On Oct. 2, the North Cascades National Park celebrated its 45th birthday alone as gates were closed due to a government shutdown.
The North Cascades is not alone. More than 400 parks, wildlife refuges, historical battlefields and national forests have been closed.
Just as the fall foliage season begins at Mount Rainier National Park, visitors will arrive at our nation’s parks greeted by closed gates and empty ranger stations. Last October, nearly 550,000 visitors trekked to Washington’s national parks. According to the National Park Service, without visitors traveling to our parks communities across the country lose out on $76 million each day.
Additionally, a majority of personnel from the Department of Interior, Environmental Protection Agency and Department of Agriculture are out of work, halting many of our nation’s critical clean air and clean water programs. Despite this lack of environmental oversight, most public lands and waters remain open to oil, gas, and mining operations, further threatening the well-being of our treasured public lands.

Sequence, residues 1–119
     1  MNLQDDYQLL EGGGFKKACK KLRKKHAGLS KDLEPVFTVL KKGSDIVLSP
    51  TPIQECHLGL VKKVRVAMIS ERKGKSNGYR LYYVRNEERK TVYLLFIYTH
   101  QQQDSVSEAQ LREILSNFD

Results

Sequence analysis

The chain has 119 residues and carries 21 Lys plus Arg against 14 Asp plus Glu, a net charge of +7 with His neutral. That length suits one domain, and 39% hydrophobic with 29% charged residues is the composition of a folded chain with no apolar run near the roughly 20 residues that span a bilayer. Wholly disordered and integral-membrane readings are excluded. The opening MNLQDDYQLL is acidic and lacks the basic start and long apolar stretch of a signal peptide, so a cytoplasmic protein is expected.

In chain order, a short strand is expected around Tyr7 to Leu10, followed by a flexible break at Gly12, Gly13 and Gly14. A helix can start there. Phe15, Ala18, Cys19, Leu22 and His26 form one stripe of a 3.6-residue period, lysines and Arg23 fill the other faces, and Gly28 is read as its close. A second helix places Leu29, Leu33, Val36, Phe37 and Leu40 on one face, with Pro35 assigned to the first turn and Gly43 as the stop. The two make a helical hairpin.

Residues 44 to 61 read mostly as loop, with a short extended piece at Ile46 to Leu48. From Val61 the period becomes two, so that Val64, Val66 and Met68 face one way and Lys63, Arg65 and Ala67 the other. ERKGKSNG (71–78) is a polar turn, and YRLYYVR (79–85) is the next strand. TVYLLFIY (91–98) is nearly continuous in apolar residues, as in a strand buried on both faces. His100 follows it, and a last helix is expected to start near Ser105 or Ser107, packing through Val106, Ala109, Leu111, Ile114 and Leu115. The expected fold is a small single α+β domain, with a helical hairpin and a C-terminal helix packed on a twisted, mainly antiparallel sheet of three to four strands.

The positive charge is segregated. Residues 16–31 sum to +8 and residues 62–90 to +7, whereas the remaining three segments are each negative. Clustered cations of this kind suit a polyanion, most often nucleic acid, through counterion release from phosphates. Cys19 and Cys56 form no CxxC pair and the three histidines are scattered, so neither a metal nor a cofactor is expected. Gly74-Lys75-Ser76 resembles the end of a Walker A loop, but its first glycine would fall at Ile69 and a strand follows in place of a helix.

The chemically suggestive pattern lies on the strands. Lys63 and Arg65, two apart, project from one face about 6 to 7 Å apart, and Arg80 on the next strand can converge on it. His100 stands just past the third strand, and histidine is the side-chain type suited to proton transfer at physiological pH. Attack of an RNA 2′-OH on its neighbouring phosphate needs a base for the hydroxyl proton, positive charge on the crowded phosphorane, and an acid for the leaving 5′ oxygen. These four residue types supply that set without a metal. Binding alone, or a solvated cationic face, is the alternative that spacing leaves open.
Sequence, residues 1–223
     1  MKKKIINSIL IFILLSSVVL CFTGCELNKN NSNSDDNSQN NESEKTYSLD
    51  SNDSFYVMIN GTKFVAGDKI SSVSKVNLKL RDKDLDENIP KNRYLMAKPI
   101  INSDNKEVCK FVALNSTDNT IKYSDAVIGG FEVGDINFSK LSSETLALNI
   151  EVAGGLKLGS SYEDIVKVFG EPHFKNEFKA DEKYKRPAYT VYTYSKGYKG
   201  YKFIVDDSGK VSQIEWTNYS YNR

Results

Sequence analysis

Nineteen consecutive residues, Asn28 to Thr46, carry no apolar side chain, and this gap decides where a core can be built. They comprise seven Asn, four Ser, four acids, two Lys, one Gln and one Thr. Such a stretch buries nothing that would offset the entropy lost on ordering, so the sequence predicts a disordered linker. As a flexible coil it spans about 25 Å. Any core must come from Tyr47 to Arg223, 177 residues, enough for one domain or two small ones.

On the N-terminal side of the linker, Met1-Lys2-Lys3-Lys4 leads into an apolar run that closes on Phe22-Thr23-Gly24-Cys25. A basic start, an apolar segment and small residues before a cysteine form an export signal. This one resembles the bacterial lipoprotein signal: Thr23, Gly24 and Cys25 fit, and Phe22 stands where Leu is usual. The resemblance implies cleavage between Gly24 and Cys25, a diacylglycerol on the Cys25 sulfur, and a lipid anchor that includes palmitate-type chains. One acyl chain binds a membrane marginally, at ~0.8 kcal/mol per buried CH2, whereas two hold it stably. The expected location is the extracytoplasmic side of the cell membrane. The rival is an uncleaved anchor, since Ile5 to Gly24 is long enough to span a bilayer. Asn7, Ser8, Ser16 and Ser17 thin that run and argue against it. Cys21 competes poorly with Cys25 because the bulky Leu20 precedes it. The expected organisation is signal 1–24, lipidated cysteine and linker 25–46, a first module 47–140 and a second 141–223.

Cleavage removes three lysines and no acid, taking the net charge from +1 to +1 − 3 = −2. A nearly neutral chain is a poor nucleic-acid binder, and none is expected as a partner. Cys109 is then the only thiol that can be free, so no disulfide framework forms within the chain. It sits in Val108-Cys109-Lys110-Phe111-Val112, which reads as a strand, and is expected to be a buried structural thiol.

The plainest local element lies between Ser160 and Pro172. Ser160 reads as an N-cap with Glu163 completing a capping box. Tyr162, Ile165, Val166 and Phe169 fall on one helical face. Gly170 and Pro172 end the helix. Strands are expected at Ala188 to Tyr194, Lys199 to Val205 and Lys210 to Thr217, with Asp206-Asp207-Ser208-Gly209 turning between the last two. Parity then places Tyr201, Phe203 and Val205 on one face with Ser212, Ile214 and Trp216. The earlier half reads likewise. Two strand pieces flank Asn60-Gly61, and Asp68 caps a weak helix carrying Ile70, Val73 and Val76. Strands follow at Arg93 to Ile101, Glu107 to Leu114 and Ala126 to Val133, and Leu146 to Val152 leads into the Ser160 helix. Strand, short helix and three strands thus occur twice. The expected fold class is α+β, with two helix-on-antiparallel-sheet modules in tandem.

Having the doors closed on “America’s best idea” is bad; keeping public lands and parks open to private mining and gas drilling companies is deplorable.
As field director for Environment Washington, I urge Congress to quickly pass a budget which restores funding to our parks and gives our agencies the resources they need to keep our air and water clean and our parks and forests protected from pollution and development.